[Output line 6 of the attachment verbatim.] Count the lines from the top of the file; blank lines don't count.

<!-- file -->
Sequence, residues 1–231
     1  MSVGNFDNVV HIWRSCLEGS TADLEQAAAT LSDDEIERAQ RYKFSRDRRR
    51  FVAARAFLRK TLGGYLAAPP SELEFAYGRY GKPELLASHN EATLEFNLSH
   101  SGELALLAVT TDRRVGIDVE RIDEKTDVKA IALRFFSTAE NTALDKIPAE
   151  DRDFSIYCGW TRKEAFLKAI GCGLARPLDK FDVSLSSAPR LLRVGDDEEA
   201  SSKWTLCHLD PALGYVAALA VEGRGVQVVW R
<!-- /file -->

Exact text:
   201  SSKWTLCHLD PALGYVAALA VEGRGVQVVW R